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I have a windows forms client that consumes an ASP.net web service.

It's my understanding that when an exception is thrown by the web service it will be converted to a SoapException in the .net client software.

Well, I am catching the SoapException, but when I display the message on the client end in a messagebox, it shows more information than I really want to show.

Here is the webservice code:

throw new ApplicationException("Invalid username or password.");

Or even:

throw new SoapException("Invalid username or password.", SoapException.ServerFaultCode);

But on the client end, the SoapException's Message property is this:

System.Web.Services.Protocols.SoapException: Invalid username or password. at Transportation.InsertSignUps(String username, String password, SignUp[] signUps) in c:\Documents and Settings\rdoverby\My Documents\Visual Studio 2008\WebSites\www.gtcc.edu\App_Code\webservices\Transportation.cs:line 50

Whereas, all I really want to show is:

Invalid username or password.

How can I extract ONLY the original exception's message from the SoapException. I have poked around the SoapException object in the VS debugger, but I can't find what I am looking for.



Of course, I don't want to parse that long string.

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I have been struggling with this, creating a simple response class with the error message is the best option. See this question and answer: stackoverflow.com/q/32058/945875 –  Justin May 16 '12 at 13:36

8 Answers 8

if the exception is a soapException (se) then you can get to the most important bits by using something like se.Detail.FirstChild.OuterXml which is where the Exception is usually placed or if you want the lot then se.Detail.OuterXml

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Tried Exception.InnerException.Message ?

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Yes. InnerException is null. There is no way to get to the original exception from client code. –  Ronnie Overby Apr 28 '09 at 14:28

Derive a new exception class from SoapException and set the message property directly.

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I can't do that. It doesn't matter whether I throw an Exception, ApplicationException, SoapException, CustomSoapException, or a YourMomTurnsTricksException. The webservice will send xml <Fault> and the consumer will turn that into a SoapException. –  Ronnie Overby Apr 28 '09 at 16:56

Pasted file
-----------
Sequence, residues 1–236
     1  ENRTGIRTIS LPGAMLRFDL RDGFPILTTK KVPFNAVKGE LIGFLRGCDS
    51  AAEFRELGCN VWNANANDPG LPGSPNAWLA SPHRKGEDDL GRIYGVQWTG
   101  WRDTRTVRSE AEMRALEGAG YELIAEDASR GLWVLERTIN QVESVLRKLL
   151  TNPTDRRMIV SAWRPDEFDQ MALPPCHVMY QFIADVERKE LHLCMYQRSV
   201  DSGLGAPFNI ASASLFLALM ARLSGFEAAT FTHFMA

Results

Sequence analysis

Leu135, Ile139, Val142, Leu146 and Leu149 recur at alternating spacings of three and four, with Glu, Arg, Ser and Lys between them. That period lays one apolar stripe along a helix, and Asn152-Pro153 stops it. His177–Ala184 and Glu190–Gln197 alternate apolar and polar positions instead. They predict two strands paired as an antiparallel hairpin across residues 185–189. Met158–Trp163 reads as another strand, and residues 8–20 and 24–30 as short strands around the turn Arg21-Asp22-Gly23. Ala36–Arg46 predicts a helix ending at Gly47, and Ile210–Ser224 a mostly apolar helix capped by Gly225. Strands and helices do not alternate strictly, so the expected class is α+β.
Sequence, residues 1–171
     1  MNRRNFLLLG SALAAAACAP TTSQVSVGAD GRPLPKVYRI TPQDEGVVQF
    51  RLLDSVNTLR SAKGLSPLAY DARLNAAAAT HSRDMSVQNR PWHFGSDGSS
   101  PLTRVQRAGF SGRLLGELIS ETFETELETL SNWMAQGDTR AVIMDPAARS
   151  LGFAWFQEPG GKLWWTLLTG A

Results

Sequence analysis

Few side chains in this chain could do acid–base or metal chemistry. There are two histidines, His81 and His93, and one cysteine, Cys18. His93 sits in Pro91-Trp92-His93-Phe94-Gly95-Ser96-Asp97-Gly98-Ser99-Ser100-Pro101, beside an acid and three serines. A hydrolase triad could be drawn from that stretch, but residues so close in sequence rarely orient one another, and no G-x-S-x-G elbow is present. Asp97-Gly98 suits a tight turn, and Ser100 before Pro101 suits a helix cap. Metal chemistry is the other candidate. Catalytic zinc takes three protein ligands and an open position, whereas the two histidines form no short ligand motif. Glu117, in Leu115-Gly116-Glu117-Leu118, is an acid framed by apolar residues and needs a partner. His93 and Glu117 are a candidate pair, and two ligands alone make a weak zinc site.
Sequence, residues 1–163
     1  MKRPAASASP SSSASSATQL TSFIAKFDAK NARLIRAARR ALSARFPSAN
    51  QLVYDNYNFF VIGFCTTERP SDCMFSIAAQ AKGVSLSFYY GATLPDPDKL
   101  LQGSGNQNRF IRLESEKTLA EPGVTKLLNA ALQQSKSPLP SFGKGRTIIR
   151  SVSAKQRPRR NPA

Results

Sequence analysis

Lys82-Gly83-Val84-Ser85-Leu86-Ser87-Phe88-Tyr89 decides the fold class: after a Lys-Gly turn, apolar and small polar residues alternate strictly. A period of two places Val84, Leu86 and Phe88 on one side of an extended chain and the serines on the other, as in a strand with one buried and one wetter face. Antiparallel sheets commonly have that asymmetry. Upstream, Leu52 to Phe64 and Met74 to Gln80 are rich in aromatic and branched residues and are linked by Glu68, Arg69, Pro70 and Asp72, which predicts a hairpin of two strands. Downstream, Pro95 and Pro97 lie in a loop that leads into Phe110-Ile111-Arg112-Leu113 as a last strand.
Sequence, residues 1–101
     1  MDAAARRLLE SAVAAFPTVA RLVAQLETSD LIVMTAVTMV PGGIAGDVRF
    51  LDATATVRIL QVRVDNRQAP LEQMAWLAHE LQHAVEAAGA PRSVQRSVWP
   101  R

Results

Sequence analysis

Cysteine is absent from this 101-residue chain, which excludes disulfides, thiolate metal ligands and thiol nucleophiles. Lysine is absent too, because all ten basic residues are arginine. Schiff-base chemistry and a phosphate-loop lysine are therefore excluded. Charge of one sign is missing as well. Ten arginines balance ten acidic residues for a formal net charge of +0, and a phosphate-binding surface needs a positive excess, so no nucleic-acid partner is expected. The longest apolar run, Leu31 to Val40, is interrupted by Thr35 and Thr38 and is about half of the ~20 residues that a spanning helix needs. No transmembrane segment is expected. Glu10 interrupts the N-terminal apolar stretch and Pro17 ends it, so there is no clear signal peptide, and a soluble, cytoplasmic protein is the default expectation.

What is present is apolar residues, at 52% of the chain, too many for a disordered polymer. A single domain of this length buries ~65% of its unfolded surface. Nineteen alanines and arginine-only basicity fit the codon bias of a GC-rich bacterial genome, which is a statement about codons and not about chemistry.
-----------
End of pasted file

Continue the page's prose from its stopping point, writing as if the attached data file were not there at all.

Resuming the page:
So then the extra text is added on the client side? Interesting. I guess you could manipulate the serialization of the exception but that sounds hard. Probably just parse the string :p –  Brad_Z Apr 28 '09 at 17:36

You need to throw your own exception, custom or whatever, and then when the client throws the soap exception, the Detail property should have what you're looking for.

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up vote 0 down vote accepted

Screw it. I just returned a string from the service containing any error messages. If the string is null then the service did its job.

Silence is golden.

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Don't be too disappointed:)

I've did the same with the help of this article: http://www.developer.com/net/csharp/article.php/3088231.

I've created one custom class for my exceptions, and it even has the real Exception as an InnerException encapsulated in it. (I've added a language-independent ID to every known type of my custom Exceptions, to make it more usable for my clients.)

On the client side, I just get the InnerException, and InnerException.Message is the original text, without any garbage.

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Sorry I didn't see this before.

I believe the true answer is to configure <customErrors/> on the server. I forget which mode you want, but one of the three will limit the amount of detail in the exception that the client receives. It's not what you'd expect, and I didn't believe it myself. Someone posted this answer on another forum and when I tried it, it worked. Nothing I had tried got rid of the detail.

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The SoapException's detail property contains the original serialized exception under the SerializedExeption node.

You can try using System.Runtime.Serialization.Formatters.Soap.SoapFormatter to deserialized the exception using a method similar to one described here: http://blog.irm.se/blogs/eric/archive/2005/03/06/An-ExceptionHandler-that-extract-the-detail-information-from-the-SoapException.aspx

I was not able to make it work, however, as I ended up getting the "no assembly associated with Xml key" error from the Soap Formatter.

You can drill down the SerializedException node manually as it essentially contains a base-64-encoded SOAP envelope:

        string serializedException = exception.Detail.SelectSingleNode("SerializedException").InnerText;
        XmlDocument xmlDocument = new XmlDocument();

The resulting XmlDocument will contain some interesting information, including what appears to be an xml-serialized exception.

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